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Press releases

Hospitality Leaders Worry Smoking Curbs For Younger People Would “Damage Pubs”


4 min read

Hospitality groups are concerned that that tougher anti-smoking laws that government is reportedly considering would “damage pubs” and “undermine” pub culture in the UK.

Earlier this week, The Guardian reported that Prime Minister Rishi Sunak was looking at introducing some of the strongest anti-smoking laws in the world.

Government sources told the newspaper such plans were similar to those put in place by New Zealand, which has outlawed selling tobacco to anyone born on or after 1st January 2009.

Pressure from local authorities has recently increased to ban smoking in public areas. In September, sixteen local London authorities wrote to Levelling-up Secretary Michael Gove and Health Secretary Steve Barclay urging them to ban smoking outside restaurants and pubs.

But industry figures are concerned that tougher anti-smoking laws could damage the hospitality sector even more after pubs and restaurants have already taken a significant hit from the pandemic.

Greg Mulholland, Campaign Director for the Campaign for Pubs, told PoliticsHome he believed tougher measures on smoking would “damage pubs” and “undermine our pub culture”.

“Everyone is aware of the damage to health from smoking and it makes sense for Government to both communicate that and also to discourage young people from starting smoking, but at the same time, adults who already smoke should be allowed to smoke outside pubs,” he said.

“A ban of smoking outside pubs will do nothing to stop smokers from smoking but will damage pubs and undermine our pub culture, so any Government proposals must look to other ways to discourage younger people from starting smoking and not an outside pub ban that would simply shift smoking from pub gardens to people’s own homes.”

He added that pubs have spent considerable sums of money on installing smoking shelters since the indoor smoking ban was passed in 2007.

Mulholland claimed if smokers were not allowed to smoke outside a pub, they would choose to smoke at home, which would be a “significant blow to many pubs already facing the cost-of-living crisis”.

UK hospitality figures suggest almost 5,000 venues closed permanently in the last year. The House magazine reported almost three-quarters came in the last quarter of 2022. Its analysis suggested that, in the current economic crisis, bars and pubs would have had to increase their revenue by 120 per cent from 2019 just to break even.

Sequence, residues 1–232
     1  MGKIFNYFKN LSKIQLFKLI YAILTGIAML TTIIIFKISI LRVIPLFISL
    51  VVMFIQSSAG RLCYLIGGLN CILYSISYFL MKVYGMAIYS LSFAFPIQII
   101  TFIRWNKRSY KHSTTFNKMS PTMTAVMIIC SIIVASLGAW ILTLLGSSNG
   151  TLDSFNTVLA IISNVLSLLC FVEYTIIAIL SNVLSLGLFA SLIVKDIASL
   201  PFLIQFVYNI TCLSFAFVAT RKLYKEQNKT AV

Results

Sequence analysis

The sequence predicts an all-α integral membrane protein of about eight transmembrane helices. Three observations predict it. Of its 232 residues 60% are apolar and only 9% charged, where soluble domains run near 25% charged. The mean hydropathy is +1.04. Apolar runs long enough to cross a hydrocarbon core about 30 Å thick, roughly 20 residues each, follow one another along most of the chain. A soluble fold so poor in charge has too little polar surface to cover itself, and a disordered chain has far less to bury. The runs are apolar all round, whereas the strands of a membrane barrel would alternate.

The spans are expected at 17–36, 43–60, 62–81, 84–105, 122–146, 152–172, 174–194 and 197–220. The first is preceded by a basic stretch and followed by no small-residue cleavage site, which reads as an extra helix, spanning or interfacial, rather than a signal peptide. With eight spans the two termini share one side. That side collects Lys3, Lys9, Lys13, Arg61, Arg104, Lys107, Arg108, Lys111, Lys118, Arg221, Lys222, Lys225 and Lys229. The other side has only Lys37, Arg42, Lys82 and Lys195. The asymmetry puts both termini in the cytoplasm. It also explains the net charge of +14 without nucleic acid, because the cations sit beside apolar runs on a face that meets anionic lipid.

Data from Altus Group, a real estate company, found 383 pubs had closed within the last year – equating to two a day. This is compared to the 383 pubs which closed its doors in 2022.

Emma McClarkin, Chief Executive of the British Beer and Pub Association, told PoliticsHome would harm the industry further, and would deter customers from going out to pubs and bars. 

“Pubs are doing everything they can to remain welcoming spaces for their customers, both old and new, whilst navigating their way through tough trading conditions. Pub gardens are a key part of that appeal to customers," she said. 

“The idea of a complete smoking ban in open air areas that will only deter some customers is the exact opposite of the policy support that the beer and pub sector needs from the Government at this critical time of economic recovery for the industry.”

A government spokesperson said it was committed to encouraging people to quit smoking and reach its ambition to be smoke free by 2030, where fewer than five per cent of the adult population smoke. 

“Smoking is a deadly habit – it kills tens of thousands of people each year and places a huge burden on the NHS and the economy,” they added.

“We want to encourage more people to quit and meet our ambition to be smoke free by 2030, which is why we have already taken steps to reduce smoking rates.

"This includes providing 1 million smokers in England with free vape kits via our world-first ‘swap to stop’ scheme, launching a voucher scheme to incentivise pregnant women to quit and consulting on mandatory cigarette pack inserts.”

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